A Randomized Trial of Progesterone in Women with Recurrent Miscarriages

It is known that progesterone is an essential hormone for maintaining a pregnancy. Naturally, progesterone is secreted by the corpus luteum in the second half of the menstrual cycle. It is also secreted from the corpus luteum during early pregnancy. It prepares the endometrium for implantation. This study evaluated the effect of progesterone supplementation during the first trimester in women with a history of recurrent miscarriages.

Participants in the trial were recruited at 36 different hospitals across the U.K and the Netherlands. Eligible women were ages 18-39 years of age actively trying to conceive after receiving a diagnosis of unexplained recurrent miscarriage. This is defined as three or more pregnancy losses during the first trimester. A total of 1568 participants received 400 mg of progesterone twice daily or a matching placebo after testing positive for pregnancy. The primary outcome measure was birth. Overall, the trial demonstrated that vaginal progesterone supplementation did not significantly increase the rate of live births for women with a history of recurrent miscarriages. I am curious whether the outcomes would have changed if the progesterone was administered orally. Further studies should be conducted to evaluate various routes of administration.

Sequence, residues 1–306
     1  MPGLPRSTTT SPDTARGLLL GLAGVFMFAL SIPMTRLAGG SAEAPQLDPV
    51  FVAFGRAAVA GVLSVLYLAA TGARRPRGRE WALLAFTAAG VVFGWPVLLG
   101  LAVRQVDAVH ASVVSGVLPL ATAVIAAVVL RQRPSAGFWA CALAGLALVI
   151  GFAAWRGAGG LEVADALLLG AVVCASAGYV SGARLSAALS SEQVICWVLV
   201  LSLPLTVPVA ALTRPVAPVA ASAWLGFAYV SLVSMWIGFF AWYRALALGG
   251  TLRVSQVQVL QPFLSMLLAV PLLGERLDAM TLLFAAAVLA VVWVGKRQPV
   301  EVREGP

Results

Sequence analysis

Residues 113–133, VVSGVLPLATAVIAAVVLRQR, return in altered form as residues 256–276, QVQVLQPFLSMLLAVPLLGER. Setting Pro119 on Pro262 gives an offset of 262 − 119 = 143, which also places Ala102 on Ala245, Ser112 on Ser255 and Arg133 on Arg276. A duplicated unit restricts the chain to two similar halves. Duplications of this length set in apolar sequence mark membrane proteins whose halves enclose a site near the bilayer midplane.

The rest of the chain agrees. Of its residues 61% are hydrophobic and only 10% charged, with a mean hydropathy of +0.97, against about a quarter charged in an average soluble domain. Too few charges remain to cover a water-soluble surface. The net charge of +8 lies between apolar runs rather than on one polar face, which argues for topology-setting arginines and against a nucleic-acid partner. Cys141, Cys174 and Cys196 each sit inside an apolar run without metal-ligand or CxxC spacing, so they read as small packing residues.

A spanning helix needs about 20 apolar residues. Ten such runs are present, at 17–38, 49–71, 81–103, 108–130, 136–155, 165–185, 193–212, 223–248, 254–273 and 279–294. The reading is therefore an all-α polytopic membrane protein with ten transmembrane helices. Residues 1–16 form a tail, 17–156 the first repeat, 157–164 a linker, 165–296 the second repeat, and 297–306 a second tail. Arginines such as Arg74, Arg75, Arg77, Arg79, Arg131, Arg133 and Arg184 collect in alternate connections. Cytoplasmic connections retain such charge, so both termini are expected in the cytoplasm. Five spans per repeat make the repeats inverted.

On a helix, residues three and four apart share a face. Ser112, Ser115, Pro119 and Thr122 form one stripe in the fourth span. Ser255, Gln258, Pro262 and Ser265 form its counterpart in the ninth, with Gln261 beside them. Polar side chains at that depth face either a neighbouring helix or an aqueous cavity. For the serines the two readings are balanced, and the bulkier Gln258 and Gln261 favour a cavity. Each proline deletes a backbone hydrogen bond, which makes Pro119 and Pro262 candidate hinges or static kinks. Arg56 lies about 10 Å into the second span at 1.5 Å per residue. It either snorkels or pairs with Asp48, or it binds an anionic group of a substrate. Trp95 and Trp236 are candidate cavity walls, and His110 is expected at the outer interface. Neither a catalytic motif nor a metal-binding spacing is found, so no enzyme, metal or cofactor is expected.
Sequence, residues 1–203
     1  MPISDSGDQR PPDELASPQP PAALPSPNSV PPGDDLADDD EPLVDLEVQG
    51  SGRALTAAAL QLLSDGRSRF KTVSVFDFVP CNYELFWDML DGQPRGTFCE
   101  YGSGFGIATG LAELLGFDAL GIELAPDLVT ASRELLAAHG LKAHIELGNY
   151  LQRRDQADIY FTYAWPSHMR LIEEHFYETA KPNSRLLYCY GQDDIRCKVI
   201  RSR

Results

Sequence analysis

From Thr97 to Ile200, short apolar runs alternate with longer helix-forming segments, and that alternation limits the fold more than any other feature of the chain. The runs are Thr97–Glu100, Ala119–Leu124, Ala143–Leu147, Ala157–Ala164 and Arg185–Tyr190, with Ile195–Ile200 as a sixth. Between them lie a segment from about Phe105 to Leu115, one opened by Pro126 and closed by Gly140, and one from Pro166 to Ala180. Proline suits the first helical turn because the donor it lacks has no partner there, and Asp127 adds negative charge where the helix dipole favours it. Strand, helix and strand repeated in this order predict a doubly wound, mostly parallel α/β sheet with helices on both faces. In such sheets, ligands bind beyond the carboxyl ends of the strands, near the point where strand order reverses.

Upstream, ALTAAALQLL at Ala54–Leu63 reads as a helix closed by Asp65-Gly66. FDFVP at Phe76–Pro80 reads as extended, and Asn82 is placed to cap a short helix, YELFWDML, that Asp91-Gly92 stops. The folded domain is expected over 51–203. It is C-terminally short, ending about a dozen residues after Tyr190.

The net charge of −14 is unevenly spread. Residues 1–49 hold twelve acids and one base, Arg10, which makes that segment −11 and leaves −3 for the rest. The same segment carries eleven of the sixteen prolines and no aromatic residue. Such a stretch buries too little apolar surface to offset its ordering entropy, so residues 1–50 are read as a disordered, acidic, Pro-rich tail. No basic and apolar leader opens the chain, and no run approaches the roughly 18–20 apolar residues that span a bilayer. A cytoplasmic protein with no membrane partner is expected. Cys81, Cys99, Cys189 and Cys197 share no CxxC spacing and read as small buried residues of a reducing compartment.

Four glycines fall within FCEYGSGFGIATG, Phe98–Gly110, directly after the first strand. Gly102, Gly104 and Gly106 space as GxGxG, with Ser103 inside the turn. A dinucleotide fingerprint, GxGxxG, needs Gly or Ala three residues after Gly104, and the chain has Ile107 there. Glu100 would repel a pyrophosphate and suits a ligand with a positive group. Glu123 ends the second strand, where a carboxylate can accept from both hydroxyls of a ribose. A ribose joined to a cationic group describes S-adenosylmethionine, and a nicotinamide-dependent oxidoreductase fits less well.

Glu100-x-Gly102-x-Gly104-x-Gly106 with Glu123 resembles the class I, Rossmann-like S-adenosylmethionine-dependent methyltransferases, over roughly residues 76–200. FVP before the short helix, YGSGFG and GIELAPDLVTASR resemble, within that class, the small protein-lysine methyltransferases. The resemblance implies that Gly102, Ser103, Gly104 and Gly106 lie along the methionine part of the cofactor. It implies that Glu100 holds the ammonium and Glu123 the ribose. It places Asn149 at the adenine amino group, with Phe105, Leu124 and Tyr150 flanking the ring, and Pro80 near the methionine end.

Coomarasamy A, Williams H, Truchanowicz E, et al. A randomized trial of progesterone in women with recurrent miscarriages. N Engl J Med. 2015;373:2141-8.

1 thought on “A Randomized Trial of Progesterone in Women with Recurrent Miscarriages”

  1. This is a nice leap into a field that has not been explored currently. Being the first step to help women in eliminating birth defects, is a great solution, but how well did this research monitor these women in their day-to-day activity? As external environment plays a big factor in birth defects. Also, this drug would probably not have any significant differences if it were to be administered orally because the only difference comes from absorption. There are probably other factors that are not yet explored that are affecting birth defects, and in this particular study, i don’t think absorption was a big factor.

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